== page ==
The synonymous description of Liasis taronga by Worell (1958)
referred to herein reads as follows (plate with four figures not
reproduced): “A New Papuan Python" by Eric WORRELL. This
spectacular python was sent to Sir Edward Hallstrom in 1955.
It was kept for several months in the reptile section of Taronga
Zoological Park, Sydney, and then died from a head infection.
ACKNOWLEDGMENTS: Sir Edward Hallstrom, chairman of
Taronga Zoological Park Trust, gave me permission to describe
the species. Mr. O. Cann. curator of reptiles at Taronga Zoological
Park assisted me with the taking of photographs in life.
Mr. A. Loveridge of Harvard College, Cambridge, Massachusetts
checked the first draft and offered valuable suggestions which
have been incorporated in this paper. The drawings were skillfully
reconstructed from photographs by Mr. J. Dwyer as the head of the
type is swollen and distorted by the infection responsible for its
LIASIS TARONGA. sp. nov.
Type: An adult ? taken at Lae, Papua, by Mr. T. G. Downs, District Commissioner of Goroka, in 1955. It is now lodged in the Australian Museum. Sydney.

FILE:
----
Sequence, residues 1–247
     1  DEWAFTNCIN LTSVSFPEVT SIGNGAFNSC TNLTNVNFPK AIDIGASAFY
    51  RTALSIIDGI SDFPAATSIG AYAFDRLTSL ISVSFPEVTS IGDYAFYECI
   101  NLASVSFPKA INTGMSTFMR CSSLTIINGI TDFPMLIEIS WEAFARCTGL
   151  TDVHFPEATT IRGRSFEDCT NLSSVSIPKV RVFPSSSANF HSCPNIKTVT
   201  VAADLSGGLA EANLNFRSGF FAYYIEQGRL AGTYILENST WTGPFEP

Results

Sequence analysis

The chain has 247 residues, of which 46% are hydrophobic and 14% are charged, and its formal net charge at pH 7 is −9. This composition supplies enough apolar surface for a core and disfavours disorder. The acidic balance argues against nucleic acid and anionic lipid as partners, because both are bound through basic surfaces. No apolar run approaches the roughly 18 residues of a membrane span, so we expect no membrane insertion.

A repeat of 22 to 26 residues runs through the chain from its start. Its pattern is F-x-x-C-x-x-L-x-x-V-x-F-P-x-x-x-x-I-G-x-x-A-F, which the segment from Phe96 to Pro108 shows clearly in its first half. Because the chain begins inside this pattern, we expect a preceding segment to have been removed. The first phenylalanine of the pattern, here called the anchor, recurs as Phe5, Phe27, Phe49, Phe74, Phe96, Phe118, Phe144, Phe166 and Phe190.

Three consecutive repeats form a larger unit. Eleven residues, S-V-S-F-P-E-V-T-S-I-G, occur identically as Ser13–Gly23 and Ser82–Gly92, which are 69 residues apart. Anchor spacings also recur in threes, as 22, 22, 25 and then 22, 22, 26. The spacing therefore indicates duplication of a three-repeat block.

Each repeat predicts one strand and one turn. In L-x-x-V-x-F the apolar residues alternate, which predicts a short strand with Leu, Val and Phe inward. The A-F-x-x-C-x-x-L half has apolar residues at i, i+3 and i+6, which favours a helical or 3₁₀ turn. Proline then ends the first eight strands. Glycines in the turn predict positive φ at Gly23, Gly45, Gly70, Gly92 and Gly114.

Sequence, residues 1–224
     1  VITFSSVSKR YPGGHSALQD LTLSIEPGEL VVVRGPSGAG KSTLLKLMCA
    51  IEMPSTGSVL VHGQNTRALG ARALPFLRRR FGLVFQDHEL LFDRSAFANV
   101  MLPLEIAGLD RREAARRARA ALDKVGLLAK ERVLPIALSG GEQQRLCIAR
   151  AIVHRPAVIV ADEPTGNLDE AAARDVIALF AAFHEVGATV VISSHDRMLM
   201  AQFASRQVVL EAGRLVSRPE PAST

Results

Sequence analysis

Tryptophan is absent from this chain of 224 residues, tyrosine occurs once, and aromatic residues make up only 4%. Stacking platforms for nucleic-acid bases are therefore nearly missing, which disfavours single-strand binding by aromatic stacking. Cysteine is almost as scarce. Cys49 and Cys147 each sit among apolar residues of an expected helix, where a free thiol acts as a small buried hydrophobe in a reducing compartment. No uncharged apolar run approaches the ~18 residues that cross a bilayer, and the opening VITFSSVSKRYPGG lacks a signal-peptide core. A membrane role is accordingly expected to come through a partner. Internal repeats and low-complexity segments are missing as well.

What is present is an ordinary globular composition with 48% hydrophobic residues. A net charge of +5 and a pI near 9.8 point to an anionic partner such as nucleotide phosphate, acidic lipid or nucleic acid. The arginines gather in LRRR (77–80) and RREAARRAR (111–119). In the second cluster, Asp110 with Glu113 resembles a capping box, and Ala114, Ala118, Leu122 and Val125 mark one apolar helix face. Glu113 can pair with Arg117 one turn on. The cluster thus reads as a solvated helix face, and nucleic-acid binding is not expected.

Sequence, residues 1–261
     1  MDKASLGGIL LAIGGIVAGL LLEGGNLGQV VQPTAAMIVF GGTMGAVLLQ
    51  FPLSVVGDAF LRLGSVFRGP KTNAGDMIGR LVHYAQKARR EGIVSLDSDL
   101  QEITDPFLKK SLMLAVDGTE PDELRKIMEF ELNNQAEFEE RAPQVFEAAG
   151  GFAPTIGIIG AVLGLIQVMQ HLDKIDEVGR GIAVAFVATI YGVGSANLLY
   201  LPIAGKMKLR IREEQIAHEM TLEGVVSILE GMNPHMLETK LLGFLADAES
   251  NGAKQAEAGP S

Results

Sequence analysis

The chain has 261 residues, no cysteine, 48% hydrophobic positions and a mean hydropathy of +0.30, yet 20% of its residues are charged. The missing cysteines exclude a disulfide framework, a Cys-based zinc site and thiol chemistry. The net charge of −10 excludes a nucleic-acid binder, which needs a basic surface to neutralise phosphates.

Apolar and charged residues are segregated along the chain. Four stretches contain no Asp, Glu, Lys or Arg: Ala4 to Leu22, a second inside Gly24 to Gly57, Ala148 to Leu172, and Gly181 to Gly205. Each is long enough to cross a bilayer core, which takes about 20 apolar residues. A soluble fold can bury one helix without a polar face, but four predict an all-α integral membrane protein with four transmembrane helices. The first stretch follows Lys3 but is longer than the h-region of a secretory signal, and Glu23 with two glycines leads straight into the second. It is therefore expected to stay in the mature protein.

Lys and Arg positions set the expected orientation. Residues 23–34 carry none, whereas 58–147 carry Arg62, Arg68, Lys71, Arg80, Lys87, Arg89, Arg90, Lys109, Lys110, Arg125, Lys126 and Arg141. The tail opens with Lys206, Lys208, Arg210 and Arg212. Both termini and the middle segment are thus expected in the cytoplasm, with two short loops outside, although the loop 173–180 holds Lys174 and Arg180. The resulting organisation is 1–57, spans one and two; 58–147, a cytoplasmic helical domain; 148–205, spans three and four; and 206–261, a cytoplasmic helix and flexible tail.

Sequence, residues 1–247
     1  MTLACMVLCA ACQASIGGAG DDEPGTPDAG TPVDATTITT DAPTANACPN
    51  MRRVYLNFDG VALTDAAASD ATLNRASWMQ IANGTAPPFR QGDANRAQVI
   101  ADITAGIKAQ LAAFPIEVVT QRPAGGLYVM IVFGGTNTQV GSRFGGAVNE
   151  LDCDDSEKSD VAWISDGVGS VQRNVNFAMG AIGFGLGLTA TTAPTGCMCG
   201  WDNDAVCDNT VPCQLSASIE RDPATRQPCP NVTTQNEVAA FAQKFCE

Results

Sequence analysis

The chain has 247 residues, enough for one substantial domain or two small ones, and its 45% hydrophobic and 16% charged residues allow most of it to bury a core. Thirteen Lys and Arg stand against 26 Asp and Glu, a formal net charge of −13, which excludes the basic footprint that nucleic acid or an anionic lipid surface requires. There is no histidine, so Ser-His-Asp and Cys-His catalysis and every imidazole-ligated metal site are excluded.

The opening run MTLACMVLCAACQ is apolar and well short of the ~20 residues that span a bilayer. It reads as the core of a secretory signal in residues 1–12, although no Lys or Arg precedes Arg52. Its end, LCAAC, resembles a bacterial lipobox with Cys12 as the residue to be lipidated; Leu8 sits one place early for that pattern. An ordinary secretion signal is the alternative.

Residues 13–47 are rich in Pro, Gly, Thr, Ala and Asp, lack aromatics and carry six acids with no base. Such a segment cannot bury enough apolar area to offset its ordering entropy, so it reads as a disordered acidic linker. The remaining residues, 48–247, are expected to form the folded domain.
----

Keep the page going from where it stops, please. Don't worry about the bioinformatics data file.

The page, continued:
Diagnosis: The scalation most nearly resembles Liasis childreni Gray, of northern Australia. Characterized by 48 midbody scale-rows; 282 ventrals; single anal; 57 pairs of subcaudals. Yellow and black above; underside anteriorly lemon-yellow, posterior half black.
Description: Head distinct from neck, form robust. Premaxillary teeth present. Grooved rostral visible from above; internasals less than half length of anterior prefrontals which are separated from frontal by a small ovate azygous shield; frontal almost as broad as long, about as long as but wider than supraoculars: 2 pairs of parietals, posterior pair followed by, border of enlarged shields: single nasal: loreal area broken into small shields; 2 preoculars: 2 postoculars; temporals broken into small scales; 8 supralabials, first to third grooved, fifth and sixth enter eye; 14 infra-labials, third to seventh deeply pitted. Total length 246 cm. or 8 ft. 2 in.; tail 25 cm. or 10 inches.
Colour: Above, blue black, a yellow spot inside each nostril, labials posteriorly edged with yellow: flanks with yellow diagonal stripes that merge into the belly colouring. Below, anteriorly lemon yellow with black spots under head; posterior half black with occasional yellow spots.
The Boelen’s python (Simalia boeleni) R. Graham Reynolds 2014